by adrian1121
Last Updated May 30, 2017 13:19 PM

I have two independent normal distributions with different mean and variance, such that.

$$f_1(x_1 \; | \; \mu_1, \sigma_1) = \frac{1}{\sigma_1\sqrt{2\pi} } \; \exp({ -\frac{(x-\mu_1)^2}{2\sigma_1^2} })$$

$$f_2(x_2 \; | \; \mu_2, \sigma_2) = \frac{1}{\sigma_2\sqrt{2\pi} } \; \exp({ -\frac{(x-\mu_2)^2}{2\sigma_2^2} })$$

This is an example I made in R considering:

$\mu_{1} = 1$, $\sigma^{2}_{1} = 1.4$

$\mu_{2} = 3.5$, $\sigma^{2}_{2} = 1.1$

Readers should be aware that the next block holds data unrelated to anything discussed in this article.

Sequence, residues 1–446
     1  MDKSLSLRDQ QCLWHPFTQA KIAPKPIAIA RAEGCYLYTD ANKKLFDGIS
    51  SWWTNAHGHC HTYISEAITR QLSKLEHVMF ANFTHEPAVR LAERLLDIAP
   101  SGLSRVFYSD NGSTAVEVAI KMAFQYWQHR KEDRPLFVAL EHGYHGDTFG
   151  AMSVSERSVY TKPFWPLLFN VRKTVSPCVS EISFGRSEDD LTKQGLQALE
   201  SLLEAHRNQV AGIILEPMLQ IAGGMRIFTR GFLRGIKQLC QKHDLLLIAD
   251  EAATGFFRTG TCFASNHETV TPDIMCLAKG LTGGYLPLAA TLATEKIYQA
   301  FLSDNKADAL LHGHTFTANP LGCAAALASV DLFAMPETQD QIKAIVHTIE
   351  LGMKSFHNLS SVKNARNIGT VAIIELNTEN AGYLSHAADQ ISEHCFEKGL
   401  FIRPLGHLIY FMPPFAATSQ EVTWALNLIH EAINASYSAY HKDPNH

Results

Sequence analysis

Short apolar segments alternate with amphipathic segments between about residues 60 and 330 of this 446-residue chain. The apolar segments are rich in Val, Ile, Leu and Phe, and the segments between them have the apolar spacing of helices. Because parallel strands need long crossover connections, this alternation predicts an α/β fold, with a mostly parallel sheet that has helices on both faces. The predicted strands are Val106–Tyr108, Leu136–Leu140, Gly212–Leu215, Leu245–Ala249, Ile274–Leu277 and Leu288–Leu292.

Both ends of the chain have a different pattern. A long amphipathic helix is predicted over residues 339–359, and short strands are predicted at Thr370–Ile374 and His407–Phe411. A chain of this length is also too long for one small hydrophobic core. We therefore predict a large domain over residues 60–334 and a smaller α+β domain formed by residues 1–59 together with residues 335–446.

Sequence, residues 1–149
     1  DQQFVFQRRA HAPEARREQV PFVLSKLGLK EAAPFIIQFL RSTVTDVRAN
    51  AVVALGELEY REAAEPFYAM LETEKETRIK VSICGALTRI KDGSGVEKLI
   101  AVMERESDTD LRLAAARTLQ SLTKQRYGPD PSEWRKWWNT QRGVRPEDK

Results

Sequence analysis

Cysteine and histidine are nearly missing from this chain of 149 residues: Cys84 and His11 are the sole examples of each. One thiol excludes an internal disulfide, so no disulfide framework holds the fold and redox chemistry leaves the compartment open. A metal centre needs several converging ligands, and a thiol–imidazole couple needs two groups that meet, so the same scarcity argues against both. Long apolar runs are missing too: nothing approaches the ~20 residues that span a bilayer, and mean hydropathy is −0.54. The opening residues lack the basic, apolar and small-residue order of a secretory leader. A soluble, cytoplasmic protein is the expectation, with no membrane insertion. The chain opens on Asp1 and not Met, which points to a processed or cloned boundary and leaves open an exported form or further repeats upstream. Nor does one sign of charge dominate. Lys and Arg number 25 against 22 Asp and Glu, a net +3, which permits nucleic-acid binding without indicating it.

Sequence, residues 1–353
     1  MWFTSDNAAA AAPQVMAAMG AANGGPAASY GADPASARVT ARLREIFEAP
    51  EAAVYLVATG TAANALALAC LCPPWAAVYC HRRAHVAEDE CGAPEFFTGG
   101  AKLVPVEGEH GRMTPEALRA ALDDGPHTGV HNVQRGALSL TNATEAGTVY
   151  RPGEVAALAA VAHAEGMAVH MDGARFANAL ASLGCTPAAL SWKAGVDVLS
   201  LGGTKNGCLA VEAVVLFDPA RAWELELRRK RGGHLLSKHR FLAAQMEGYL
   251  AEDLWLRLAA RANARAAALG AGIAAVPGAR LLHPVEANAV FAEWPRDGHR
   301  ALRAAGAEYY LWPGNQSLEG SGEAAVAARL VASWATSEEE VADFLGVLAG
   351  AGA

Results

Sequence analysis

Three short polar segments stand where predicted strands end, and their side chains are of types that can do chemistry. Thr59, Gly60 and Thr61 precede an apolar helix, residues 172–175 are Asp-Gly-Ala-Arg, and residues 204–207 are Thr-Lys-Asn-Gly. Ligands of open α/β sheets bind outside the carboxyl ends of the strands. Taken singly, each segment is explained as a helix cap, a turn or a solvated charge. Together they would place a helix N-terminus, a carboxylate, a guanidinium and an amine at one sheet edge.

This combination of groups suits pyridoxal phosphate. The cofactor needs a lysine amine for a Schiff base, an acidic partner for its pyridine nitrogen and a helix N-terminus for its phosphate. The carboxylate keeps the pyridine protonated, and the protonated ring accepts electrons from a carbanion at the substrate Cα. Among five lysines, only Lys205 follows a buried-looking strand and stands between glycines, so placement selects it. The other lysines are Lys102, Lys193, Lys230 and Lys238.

I tried to analytically find the mathematical expression of the gray area, that is the common mass shared by both distributions. I have looked at other posts, like this one, but as far as I understand the difference between two normals is a normal distribution. However, in this plot this doesn't look like a normal distribution.

I would say something like

$f_{3}(x_1,x_2 | \mu_1, \sigma_1,\mu_2, \sigma_2) = \int(f_{1}-f_{2})$

but I am afraid this is not correct.

I'd appreciate some intuition and a mathematical expression for the gray area.

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